Twelve civilians have been killed since early September in confrontations between demonstrators and police, according to Iraq’s Independent High Commission for Human Rights, which said another 93 civilians and 18 security force personnel have been injured.
Iraq’s Political Games and Democratic Growing Pains
But today’s violence is not a simple case of socio-political discontent – even though it could be. Today’s violence betrays an attempt by several actors within Iraq to seize prominence through a dangerous game of thwarted populism at a particularly delicate juncture in time for the nation.
Whatever do I mean?
Iraq is waiting for the nomination of its next prime minister on the back of contentious parliamentary elections. Should Iraq fail to nominate its prime minister the country would default as per its constitution.
But the core issue is not constitutional or even institutional, it is political.
Iraq is undergoing the growing pains of democracy, plagued by the remnants of a former regime that simply won’t go quietly in the night. With ISIS on the run, the Baath party (formerly headed by Saddam Hussein) thought it would try again … this time under the convenient cover of one of Iraq’s most divisive figures: Moqtada Al Sadr.
Formerly called “the most dangerous man” by Newsweek in 2006 for his anti-American stance, Al Sadr reinvented himself a powerbroker. Feared by his detractors for the many armed loyalists he exerts control over, Al Sadr recently moved to form Iraq’s biggest coalition group with serving Prime Minister Haider Al Abadi.
Only his play was foiled by the formation of yet another coalition backed by an interesting across-the-political-spectrum faction, highlighting Iraq’s move to transcend old religious and tribal labels for the sake of a common future.
Why is this relevant to Basra and a recent mortar attack on Baghdad’s Green Zone?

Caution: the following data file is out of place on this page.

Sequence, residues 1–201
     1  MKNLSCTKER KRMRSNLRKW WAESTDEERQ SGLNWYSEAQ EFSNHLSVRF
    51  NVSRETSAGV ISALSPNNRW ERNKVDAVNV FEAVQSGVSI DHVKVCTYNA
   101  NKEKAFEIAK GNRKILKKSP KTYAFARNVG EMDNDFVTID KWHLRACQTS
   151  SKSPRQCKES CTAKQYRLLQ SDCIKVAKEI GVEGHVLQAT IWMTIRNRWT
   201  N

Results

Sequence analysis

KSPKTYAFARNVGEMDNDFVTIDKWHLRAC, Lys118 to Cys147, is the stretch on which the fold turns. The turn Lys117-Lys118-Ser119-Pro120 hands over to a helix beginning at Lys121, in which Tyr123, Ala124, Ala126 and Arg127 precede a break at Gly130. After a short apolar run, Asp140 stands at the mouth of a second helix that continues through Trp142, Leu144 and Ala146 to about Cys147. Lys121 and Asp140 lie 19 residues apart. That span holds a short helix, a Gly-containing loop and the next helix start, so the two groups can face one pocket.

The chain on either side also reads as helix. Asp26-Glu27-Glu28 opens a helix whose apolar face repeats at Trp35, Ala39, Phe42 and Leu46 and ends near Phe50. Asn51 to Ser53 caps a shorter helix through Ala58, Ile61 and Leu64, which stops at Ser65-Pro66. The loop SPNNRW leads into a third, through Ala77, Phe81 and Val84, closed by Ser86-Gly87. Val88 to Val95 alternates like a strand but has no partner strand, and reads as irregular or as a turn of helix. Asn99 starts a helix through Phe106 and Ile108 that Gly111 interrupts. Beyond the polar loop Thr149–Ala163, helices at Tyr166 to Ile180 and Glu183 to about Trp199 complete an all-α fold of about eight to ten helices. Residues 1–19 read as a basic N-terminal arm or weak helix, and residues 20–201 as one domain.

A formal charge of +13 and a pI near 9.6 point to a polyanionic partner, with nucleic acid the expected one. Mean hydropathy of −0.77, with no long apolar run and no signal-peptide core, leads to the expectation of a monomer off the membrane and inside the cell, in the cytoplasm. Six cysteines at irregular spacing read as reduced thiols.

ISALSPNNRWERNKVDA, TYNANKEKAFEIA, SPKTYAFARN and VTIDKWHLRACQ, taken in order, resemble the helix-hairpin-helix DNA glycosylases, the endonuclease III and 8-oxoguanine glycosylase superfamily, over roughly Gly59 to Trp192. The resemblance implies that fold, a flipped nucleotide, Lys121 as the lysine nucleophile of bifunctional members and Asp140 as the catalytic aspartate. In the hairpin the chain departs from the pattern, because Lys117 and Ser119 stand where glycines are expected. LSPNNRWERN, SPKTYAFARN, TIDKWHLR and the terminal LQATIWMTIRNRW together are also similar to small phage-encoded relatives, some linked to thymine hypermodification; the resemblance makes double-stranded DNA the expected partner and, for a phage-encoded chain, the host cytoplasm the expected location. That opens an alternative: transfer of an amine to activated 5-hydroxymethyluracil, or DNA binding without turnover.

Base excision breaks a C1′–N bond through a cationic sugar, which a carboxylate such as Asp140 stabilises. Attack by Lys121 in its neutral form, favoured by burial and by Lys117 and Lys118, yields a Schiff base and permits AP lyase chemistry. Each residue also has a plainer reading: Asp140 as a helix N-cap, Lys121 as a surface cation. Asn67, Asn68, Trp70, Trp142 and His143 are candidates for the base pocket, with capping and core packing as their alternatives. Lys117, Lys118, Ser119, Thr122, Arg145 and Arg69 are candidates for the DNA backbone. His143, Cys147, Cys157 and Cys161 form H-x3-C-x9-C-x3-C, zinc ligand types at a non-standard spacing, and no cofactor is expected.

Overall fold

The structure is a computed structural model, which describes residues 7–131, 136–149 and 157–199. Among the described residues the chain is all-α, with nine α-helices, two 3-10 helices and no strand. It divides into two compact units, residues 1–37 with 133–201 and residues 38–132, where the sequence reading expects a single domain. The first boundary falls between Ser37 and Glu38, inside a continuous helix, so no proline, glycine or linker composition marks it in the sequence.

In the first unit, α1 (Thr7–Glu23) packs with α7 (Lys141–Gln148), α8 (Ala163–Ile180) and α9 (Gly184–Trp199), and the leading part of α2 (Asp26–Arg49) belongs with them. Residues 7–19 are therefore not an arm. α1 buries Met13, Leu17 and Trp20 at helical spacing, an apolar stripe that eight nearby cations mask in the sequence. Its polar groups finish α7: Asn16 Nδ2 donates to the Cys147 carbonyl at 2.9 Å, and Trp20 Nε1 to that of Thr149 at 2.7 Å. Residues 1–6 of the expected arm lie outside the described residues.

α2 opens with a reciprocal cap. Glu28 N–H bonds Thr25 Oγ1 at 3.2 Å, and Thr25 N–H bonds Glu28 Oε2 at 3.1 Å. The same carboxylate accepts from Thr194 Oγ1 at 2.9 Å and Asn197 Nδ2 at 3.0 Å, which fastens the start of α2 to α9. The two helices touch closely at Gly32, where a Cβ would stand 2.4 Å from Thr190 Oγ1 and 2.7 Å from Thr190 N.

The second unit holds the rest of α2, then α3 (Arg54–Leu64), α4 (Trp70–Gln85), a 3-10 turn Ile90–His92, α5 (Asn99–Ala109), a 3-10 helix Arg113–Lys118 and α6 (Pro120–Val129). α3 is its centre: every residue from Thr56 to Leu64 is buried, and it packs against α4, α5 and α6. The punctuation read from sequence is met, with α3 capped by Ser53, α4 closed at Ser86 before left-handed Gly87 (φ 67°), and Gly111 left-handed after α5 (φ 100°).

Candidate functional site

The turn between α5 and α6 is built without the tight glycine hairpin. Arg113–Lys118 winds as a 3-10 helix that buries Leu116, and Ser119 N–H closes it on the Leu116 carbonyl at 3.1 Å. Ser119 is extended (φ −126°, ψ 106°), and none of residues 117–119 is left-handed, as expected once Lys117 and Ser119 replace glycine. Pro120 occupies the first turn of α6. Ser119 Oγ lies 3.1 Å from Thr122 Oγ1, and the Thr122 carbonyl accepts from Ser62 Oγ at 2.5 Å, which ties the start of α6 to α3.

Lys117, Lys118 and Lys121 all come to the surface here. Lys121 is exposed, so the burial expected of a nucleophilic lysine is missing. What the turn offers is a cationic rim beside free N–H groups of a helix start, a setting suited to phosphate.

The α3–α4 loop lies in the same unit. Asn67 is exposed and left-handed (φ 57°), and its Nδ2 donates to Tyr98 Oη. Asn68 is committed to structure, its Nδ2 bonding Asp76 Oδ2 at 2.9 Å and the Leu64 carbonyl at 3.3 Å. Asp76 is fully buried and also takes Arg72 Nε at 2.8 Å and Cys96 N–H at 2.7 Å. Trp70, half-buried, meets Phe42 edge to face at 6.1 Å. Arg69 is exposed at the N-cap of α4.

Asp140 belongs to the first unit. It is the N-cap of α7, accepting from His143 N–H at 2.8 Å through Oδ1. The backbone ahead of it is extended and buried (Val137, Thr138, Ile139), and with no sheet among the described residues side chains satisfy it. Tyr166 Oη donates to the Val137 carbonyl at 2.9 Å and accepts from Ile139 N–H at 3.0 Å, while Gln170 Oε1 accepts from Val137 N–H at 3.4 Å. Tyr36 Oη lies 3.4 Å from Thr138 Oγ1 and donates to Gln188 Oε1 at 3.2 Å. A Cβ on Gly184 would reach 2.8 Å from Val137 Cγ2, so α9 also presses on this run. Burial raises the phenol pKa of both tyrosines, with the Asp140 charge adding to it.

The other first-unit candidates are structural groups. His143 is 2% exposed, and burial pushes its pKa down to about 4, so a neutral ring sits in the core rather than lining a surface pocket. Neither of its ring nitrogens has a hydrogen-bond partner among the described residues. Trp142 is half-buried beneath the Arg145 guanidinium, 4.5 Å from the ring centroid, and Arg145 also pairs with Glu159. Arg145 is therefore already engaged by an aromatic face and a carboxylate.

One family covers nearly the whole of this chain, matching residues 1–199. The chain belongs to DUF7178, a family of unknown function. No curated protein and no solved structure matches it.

It is relevant in the sense that Iraq’s unrest exists within a very well defined political context.
Basra’s escalation did not take place in a vacuum, it did not come as a surprise and it certainly was not dealt with as diligently as one would have expected.
Prime Minister Al Abadi allowed for the situation to deteriorate the way it did so that he could play the few cards he has left in his hands to secure himself another term: the formation of an emergency government under his leadership.
There is also the possibility, although unlikely, of an attempted forceful takeover of government.
In a televised speech earlier this week Al Sadr said the parliament session should be held no later than Sunday, and that the prime minister and other officials should either attend the session or resign – certainly an indication that idleness is no longer an option.
There is also the matter of Iraq’s many militias and who exerts control over them – but this at the moment plays second fiddle to the ongoing political play … we will circle back to that pertinent issue in a following analysis.
Iraq’s current predicament is that of any new democracies! The danger here is that this particular new democracy sits in a region of the world plagued by dangerous forces … ISIS, we would do well to remember, might have been militarily defeated but its patrons and ideologues still run free – many of which found a convenient ally in Saudi Arabia’s religious intransigence.